By Ronald Sandee

Al-Qa’ida’s present day involvement in Syria spans back to around the time of the second US invasion of Iraq in 2003, when old hands in the bin Laden network in Sudan were tasked by the al-Qa’ida leader to establish a pipeline through Syria to fuel a new jihad theater in Iraq. Since then, a number of important “Core al-Qa’ida” facilitators and ideologues have been present in Syria. Meanwhile, in recent years, the ruthlessness of current and former al-Qa’ida elements active in Syria and proximate environs highlights the expanded use of tactics employed to terrorize local populaces in the FATA that were part of al-Qa’ida’s larger strategy to deter cooperation with foreign intelligence services, especially CIA. Indeed, the brutality of Islamic State actors who have garnered immense interest from news organizations in the West is remarkably similar to that of an elite al-Qa’ida unit tasked with securing al-Qa’ida’s bases in Pakistan in the face of highly-successful drone campaigns a few years ago. Today, members of that unit are now operating in Syria as members of al-Qa’ida’s so-called “Khorasan Unit,” which is evidently grooming foreign fighters from the West to play important roles in al-Qa’ida’s operations in Syria and beyond.

The Pipeline’s Origins

Several of the Syria pipeline architects had run the bin Laden companies based in Sudan during the 1990s, and became the caretakers of those companies after Usama bin Laden returned to Afghanistan. Within weeks of their receipt of bin Laden’s orders to set up new operations in Syria, they secured safe houses and established bases in the vicinity of Aleppo.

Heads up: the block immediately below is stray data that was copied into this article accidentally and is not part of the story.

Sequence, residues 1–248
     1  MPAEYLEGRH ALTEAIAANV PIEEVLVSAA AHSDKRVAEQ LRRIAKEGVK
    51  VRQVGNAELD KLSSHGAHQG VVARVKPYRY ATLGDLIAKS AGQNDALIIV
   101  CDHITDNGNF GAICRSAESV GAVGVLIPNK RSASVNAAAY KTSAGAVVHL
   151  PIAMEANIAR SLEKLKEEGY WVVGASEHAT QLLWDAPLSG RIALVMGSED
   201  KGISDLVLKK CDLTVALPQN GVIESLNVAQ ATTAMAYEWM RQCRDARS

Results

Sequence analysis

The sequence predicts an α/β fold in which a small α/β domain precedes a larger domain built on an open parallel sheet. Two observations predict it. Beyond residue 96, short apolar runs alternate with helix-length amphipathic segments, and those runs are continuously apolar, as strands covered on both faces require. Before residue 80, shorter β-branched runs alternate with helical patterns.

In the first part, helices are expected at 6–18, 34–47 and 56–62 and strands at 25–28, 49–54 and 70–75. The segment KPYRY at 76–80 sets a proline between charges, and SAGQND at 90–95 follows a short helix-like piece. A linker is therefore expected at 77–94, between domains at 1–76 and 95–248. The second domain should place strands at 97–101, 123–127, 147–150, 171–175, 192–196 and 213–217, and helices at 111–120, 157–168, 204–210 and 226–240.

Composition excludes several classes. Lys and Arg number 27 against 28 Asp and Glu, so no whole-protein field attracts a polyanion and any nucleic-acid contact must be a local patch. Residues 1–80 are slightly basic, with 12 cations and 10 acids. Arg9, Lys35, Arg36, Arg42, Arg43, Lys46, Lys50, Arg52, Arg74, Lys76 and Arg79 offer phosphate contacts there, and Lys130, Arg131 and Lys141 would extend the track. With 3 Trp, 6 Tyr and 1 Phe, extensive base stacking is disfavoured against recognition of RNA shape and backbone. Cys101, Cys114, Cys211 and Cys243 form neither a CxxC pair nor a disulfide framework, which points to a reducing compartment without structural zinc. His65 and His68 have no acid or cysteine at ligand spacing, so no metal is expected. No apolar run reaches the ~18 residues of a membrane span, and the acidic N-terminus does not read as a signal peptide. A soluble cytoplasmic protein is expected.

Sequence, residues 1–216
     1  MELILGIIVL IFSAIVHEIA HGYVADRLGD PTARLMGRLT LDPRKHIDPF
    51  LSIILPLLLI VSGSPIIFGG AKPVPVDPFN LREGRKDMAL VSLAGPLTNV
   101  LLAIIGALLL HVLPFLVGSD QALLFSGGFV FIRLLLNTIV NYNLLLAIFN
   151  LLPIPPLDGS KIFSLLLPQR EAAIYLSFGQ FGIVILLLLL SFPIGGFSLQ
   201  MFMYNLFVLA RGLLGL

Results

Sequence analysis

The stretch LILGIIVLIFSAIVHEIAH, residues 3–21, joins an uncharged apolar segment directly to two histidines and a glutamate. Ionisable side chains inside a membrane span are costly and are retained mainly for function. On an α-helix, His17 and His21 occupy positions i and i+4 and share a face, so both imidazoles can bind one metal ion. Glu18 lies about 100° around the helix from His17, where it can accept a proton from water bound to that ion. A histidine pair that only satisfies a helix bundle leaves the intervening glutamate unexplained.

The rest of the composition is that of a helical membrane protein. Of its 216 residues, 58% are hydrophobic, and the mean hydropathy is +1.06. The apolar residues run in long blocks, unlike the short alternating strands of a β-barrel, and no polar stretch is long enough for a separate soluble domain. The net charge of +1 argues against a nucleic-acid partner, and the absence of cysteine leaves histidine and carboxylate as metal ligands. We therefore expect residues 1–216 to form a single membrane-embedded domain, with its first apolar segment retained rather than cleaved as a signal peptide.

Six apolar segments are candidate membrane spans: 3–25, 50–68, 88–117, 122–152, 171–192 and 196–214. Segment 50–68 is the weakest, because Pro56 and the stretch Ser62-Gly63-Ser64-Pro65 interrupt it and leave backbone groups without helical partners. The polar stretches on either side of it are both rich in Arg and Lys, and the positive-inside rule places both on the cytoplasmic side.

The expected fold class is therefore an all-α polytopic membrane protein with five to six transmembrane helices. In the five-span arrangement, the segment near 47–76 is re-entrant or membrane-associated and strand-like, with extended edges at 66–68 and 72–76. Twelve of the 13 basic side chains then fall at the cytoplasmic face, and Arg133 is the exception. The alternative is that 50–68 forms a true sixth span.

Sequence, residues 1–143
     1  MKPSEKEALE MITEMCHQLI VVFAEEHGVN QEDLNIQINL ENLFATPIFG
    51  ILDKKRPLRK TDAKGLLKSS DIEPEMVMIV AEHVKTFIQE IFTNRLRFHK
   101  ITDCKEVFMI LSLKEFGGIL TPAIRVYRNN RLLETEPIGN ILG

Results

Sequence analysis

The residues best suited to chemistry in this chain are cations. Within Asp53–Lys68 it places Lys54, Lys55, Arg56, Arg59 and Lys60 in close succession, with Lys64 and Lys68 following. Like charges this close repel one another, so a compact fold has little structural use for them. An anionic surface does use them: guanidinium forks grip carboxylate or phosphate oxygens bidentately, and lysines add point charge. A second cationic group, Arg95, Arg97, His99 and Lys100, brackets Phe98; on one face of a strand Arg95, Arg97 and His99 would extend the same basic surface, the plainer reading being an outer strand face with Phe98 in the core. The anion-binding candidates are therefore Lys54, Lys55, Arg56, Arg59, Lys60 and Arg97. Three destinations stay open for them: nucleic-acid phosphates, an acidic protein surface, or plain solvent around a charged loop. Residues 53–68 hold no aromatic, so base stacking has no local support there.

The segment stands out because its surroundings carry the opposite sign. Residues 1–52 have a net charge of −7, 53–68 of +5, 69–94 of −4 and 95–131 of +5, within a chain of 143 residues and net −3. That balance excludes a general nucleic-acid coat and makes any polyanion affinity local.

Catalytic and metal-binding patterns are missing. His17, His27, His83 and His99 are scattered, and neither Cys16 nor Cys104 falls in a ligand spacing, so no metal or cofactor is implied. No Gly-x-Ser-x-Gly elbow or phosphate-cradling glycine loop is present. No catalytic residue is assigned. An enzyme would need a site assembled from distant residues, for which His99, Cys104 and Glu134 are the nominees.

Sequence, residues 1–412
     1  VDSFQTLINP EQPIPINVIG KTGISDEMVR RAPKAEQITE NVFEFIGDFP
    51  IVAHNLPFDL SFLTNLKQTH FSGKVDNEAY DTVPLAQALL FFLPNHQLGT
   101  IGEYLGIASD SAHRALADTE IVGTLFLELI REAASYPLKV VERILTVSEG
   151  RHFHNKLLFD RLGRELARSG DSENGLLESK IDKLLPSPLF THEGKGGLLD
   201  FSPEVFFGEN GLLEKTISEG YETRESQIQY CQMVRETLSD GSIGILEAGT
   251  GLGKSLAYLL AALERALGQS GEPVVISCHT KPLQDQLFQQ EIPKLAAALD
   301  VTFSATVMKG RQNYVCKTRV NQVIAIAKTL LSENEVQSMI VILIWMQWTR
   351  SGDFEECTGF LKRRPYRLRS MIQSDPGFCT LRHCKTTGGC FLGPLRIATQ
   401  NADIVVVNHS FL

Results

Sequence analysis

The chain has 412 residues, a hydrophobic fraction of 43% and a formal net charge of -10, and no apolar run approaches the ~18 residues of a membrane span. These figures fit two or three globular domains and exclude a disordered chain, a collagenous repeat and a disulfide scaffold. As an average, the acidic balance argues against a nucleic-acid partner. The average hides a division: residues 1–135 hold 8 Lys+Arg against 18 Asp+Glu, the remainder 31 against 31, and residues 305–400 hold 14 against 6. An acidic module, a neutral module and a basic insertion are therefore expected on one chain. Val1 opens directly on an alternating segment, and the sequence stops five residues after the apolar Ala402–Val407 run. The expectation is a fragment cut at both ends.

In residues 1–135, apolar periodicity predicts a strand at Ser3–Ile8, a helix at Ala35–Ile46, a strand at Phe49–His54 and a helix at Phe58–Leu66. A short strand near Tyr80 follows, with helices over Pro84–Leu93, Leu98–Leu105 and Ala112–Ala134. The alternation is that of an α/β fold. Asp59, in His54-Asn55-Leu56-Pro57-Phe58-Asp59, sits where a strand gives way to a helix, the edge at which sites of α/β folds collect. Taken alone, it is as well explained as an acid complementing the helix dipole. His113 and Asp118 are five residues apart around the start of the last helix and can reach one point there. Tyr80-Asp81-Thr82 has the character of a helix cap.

For roughly a year thereafter al-Qa’ida’s presence in Aleppo was not only allowed by the Syrian government; the mufti of Aleppo, Sheikh Ahmad Badreddin Hassoun, also permitted al-Qa’ida’s use of Syrian territory to support its jihad against the US and allied forces in Iraq.

The network of al-Qa’ida operatives dispatched to al-Sham soon facilitated the floods of jihadis into Iraq through Syria from both the Arabian Peninsula and North Africa, notably Libya. Many young recruits from North Africa arrived in Syria without any fighting experience, and were flown to Sudan for basic training before entering Iraq.

At some point in 2004, probably due to concerns that this highly-capable al-Qa’ida enterprise could threaten the Syrian government, authorities sought to close the Syria pipeline to Iraq. Nevertheless, al-Qa’ida’s Syria-based network managed to reopen some of its safe houses and training camps in the outskirts of Aleppo. Indeed, recent cruise missiles strikes targeting the headquarters, safe houses and training facilities of the so-called “Khorasan Unit” in the village of Kafr Deryan and the wider surroundings of Aleppo suggest al-Qa’ida’s infrastructure in Syria has been operational for more than a decade.

Important details about the original al-Qa’ida network in Syria can be found in documents captured in a raid in October 2007 along the Iraq-Syria border near Sinjar. Records obtained during the raid reveal that between August 2006 and August 2007 roughly 700 foreign nationals entered Iraq with help from al-Qa’ida facilitators active in Syria.

The Combating Terrorism Center at West Point translated 590 of the fighter profiles collected during the October 2007 raid. Most fighters aided by al-Qa’ida’s Syria network by this time were Saudis (237, or 41%), followed by Libyans (111, or 19.2%). Other nationalities included Syrians (46, or 8.1%), Yemenis (44, or 8%), Algerians (41, or 7.1%), Moroccans (36, or 6.1%) and Tunisians (33, or 5.6%).